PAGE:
A similar crisis that cries out for this kind of realignment of power toward expert crisis management is the global environmental crisis. It encompasses the climate crisis, biodiversity crisis and the phosphorus-nitrogen crisis (“Pandemic response mirrors what is needed for climate change,” March 27, page 9).
As the 2015 article entitled “Planetary boundaries: Guiding human development on a changing planet” in the journal Science demonstrated, economic policies are being pursued which might soon push the Earth system beyond a point of no return (“Mass bleaching of Great Barrier Reef documented,” March 27, page 4).
Despite the efforts of the Convention on Biological Diversity and the UN Framework Convention on Climate Change, selfish squabbling between national governments is blocking any solutions that would actually remedy this all-encompassing global crisis.
Unless experts are relied on to actually set strict limits on, for example, greenhouse gas emissions so that the world stays within safe planetary boundaries, there is no chance of mitigating these fast onrushing disasters, which will in all likelihood far exceed the damage of the coronavirus pandemic.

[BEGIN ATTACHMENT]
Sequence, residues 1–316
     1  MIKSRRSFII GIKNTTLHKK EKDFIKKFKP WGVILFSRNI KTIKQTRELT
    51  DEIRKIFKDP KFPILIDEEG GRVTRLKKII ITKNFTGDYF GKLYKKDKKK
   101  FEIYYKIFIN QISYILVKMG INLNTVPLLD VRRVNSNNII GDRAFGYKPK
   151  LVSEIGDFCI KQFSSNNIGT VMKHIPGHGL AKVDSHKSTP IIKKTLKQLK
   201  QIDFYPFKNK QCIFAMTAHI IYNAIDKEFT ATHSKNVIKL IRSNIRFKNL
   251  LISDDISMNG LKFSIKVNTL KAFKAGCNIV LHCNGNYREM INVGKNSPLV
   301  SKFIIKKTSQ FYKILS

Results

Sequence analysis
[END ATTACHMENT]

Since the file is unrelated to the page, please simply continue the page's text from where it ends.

Unless power is taken away from these often selfish, arrogant and pretty useless decisionmakers and is given to experts who would decide on reasonable frameworks and policies given their best knowledge of a very specialized field, there is no chance of solving these global crises.
Just imagine how much better the coronavirus crisis would have been handled if all the key decisions had been made by an expert panel of the WHO. Or the experts of the US Centers for Disease Control and Prevention had managed the epidemic inside the US instead of the blustering orange buffoon in the White House.